Screenshot 2019-03-13 10.54.24

As I reached the Nepalese garden the clouds gathered overhead so I made haste to the Terrace Cafe for lunch. I arrived just in time as the heavens opened and it rained quite heavily for an hour. Although hot food was available I decided to have a Coronation Chicken wrap, followed by a cherry slice and a cup of hot chocolate. At £10 for this simple meal  I was not unhappy but have heard comments that the food is regarded as expensive by some people.

Screenshot 2019-03-13 10.56.01

    Terrace Cafe near the Nepalese Garden

The rain cleared as I finished my lunch so I then made my way towards the Glasshouses, passing the huge beech hedge and the Queen Mother’s Memorial garden, then the rockery and finally the Glasshouses themselves. I entered via the Palm House which has palm trees (obviously!) and orchids.

Screenshot 2019-03-13 11.16.30

One of the many species of orchids on display

One then passes (after the ticket desk) into the series of 10 huge glass houses, a couple of which are very hot and humid!. A note here to those with cameras – the lenses will steam up as the camera/lens units will have come from the cold outside ambient temperature to a hot humid environment. I had to hug my lens for about 15 minutes, to bring up its temperature, and wipe the front lens with a micro-fibre lens cloth to clear the condensation. I also had to remove my jacket as I too was suffering from the heat (ironic considering I live in Brazil where temperatures are high).

Screenshot 2019-03-13 11.20.42

Amorphophallus konjak, also known as the Corpse Flower, in bloom

The exciting feature of the visit was the Amorphophallus konjac, also known as New Reekie or the Corpse Flower, which was in bloom for the first time in many years – a rare event. I have a poor sense of smell so did not notice the famed bad odour. Interestingly the plant is used as a source of vegan food in its native home in Indonesia. New Reekie was in the last of the 10 glass houses so I then retraced my steps back to the reception area.

I lost weight!

Weight tracker from Under Armour’s My Fitness Pal app

Ten years ago I used to exercise regularly. I would walk to my local gym every weekday (only about 5 minutes walk) then warm up for 20 minutes on a static bike before my personal trainer started me on my planned routine that lasted about an hour.

Things were going well. I could see muscle format and could feel muscle development. After the gym session I would grab my bike and cycle for 20 kms at a good pace, and do double that distance at least once a week. I was fit.

Then I moved from the south of Brazil to the northeast where I spent some time (a little over a year) working on an on-going photography project and planning/leading a tour group to the Amazon (jungle, not store!). Hence little time for body maintenance. Despite that I remained quite trim till I moved to India.

My introduction to good, genuine Indian food, combined with a lack of exercise, had an adverse impact on my body shape! My weight skyrocketed to about 100 kgs and I could no longer see my knees withough bending forwards! Although based in India I was travelling a lot internationally so it was a struggle to stay in shape. With the help of the My Fitness Pal app and with a couple of colleagues in the same boat I managed to get down to 89 kgs for a short time. I was, unfortunately, not successful in keeping to my lower weight.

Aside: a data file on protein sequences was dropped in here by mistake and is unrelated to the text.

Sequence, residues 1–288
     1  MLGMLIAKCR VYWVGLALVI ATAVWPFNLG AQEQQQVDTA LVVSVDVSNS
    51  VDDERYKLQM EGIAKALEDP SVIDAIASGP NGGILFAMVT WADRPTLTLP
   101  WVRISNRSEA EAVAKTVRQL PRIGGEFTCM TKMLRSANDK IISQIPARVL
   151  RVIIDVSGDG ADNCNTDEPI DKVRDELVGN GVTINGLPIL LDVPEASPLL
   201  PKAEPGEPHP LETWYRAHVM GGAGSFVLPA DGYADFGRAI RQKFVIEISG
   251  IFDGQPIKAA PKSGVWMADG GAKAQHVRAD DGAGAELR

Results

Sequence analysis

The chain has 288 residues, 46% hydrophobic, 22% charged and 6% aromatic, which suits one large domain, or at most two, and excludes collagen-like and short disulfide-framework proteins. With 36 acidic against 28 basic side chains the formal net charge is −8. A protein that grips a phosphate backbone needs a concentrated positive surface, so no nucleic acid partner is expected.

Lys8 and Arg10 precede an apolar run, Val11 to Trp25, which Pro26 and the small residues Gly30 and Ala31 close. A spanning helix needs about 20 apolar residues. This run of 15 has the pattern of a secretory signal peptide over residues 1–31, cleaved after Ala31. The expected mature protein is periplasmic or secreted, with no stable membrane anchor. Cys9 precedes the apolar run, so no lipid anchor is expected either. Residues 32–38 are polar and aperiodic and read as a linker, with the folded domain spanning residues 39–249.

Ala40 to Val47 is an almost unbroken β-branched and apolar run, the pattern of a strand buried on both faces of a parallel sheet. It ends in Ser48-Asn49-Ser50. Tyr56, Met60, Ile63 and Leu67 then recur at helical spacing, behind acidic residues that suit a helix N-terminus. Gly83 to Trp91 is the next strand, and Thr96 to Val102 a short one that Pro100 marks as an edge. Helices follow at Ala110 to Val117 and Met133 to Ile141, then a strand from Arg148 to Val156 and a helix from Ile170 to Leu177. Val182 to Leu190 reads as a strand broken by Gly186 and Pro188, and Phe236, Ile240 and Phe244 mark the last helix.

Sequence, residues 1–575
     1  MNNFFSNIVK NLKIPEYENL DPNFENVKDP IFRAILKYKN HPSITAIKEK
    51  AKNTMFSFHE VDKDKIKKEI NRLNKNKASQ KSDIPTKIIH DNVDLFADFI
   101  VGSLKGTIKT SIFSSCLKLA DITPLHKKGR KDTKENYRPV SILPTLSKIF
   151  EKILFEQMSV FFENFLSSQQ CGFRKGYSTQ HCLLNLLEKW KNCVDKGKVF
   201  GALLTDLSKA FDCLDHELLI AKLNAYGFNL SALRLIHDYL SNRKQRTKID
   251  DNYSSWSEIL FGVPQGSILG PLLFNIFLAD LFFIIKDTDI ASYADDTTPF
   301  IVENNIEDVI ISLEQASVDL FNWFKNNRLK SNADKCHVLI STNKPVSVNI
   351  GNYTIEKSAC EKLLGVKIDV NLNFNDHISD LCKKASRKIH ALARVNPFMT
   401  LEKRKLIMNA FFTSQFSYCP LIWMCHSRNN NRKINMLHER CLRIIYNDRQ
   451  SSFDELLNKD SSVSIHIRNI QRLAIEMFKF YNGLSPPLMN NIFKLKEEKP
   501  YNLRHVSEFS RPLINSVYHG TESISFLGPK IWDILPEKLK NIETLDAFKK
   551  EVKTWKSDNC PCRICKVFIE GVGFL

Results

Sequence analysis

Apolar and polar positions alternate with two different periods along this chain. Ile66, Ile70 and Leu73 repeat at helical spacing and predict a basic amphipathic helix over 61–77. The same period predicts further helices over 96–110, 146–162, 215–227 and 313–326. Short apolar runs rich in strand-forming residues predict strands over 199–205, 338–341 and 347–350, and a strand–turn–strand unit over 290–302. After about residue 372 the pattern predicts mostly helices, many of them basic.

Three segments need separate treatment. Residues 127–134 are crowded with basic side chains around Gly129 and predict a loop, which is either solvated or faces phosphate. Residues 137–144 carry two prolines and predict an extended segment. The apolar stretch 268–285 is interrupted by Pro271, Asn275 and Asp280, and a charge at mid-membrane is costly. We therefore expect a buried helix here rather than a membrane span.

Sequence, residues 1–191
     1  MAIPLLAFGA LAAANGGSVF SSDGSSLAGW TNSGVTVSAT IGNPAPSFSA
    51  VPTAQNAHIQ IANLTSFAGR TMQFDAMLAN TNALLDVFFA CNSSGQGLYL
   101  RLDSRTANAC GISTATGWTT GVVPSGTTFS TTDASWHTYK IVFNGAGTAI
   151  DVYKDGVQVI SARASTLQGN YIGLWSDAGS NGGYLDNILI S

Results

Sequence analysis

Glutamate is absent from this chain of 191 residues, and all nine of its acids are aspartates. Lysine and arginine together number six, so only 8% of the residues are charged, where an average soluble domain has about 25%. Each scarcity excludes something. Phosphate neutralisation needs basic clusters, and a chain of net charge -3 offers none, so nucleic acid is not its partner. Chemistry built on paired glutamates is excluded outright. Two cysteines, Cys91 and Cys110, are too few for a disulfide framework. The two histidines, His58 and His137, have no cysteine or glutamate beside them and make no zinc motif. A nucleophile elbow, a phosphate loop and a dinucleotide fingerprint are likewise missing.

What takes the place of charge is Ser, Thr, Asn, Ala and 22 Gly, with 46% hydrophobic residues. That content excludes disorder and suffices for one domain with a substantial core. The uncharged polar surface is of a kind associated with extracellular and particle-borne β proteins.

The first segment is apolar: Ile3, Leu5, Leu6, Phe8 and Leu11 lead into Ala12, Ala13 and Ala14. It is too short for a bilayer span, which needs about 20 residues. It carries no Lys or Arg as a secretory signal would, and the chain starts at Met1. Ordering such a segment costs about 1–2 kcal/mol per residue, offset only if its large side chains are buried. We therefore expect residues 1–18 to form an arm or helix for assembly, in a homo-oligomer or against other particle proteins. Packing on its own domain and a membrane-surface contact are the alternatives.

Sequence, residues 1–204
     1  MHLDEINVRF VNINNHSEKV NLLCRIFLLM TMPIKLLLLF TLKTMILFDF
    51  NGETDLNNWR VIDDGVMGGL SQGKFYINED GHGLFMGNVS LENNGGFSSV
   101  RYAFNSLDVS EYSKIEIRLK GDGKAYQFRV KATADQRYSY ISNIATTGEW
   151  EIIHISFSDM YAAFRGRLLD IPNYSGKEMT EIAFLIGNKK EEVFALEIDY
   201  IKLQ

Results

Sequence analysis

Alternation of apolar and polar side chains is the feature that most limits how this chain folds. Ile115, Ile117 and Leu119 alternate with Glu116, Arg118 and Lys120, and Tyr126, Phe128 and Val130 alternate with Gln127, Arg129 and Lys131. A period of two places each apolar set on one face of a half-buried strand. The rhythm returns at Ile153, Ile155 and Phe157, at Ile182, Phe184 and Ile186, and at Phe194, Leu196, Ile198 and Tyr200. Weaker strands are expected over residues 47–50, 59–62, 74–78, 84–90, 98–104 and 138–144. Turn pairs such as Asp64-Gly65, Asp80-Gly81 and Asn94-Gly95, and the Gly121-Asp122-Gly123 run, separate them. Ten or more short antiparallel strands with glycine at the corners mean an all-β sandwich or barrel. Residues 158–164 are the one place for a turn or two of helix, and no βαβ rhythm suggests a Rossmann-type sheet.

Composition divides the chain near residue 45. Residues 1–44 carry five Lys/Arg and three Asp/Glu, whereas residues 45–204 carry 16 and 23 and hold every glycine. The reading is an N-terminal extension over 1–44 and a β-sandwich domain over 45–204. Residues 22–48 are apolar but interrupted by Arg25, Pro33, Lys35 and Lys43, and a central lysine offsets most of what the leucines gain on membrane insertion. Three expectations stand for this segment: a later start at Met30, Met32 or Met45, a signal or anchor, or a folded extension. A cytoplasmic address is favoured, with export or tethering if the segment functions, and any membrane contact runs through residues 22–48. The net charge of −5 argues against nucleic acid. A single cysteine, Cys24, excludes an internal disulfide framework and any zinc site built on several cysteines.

About two or three years ago I decided that understanding more about nutrition was not just a good idea for me personally but would also help me in my food and fruit photography business. I completed a number of courses in nutrition and, though not registered formally as a practicing nutritionist, I am at least qualified as one.

I applied my knowledge to a long term weight reduction program that has seen my weight reduce from over 102 kgs to just under 93 kgs – a weight loss of almost 10 kgs that seems to be permanent. My secret?

No secret – simply more discipline – reduced intake and more self-control.

My daily regime diet-wise is essentially:

  • Pre-breakfast: a glass of water
  • Breakfast: 4 dessert spoons of oatmeal, about 50 gms of yogurt, fresh berries or dried fruit and nuts, and a mug of strong coffee (no milk or sugar).
  • Mid-morning snack: a slice of plain cake or a plain doughnut
  • Lunch: beans (green, black or brown), white rice or pasta, salad or boiled vegetables, meat (beef or chicken) followed by a fruit jelly (jello) and a glass of fresh fruit juice
  • Mid-afternoon snack: fruit or cake with coffee
  • Dinner: soup or meat with boiled manioc or yams with fruit juice unless I have soup
  • An apple in the late evening

It looks like a lot of food but the trick is to keep the portions small. I found for a while that my dinner plate was too full. The trick, for me, is to put just a spoonful of rice down first, then enough beans to cover the rice (about a spoonful), then the veg and finally a small piece of meat. Keeping things in balance is key – more veg is ok as that’s where the micro nutrients are and they help to keep you feeling well fed.

I have based my diet on:

  • 1500 calories per day
  • Carbs. 40%
  • Protein. 35%
  • Fats. 25%

The only thing I have regularly ie daily without variation is my oatmeal breakfast. It was recommended by a doctor about 20 years ago and I rarely have anything different (exceptions being aircraft breakfasts, hotels that don’t have oatmeal on the menu, or full breakfasts of eggs, bacon etc as a special treat!).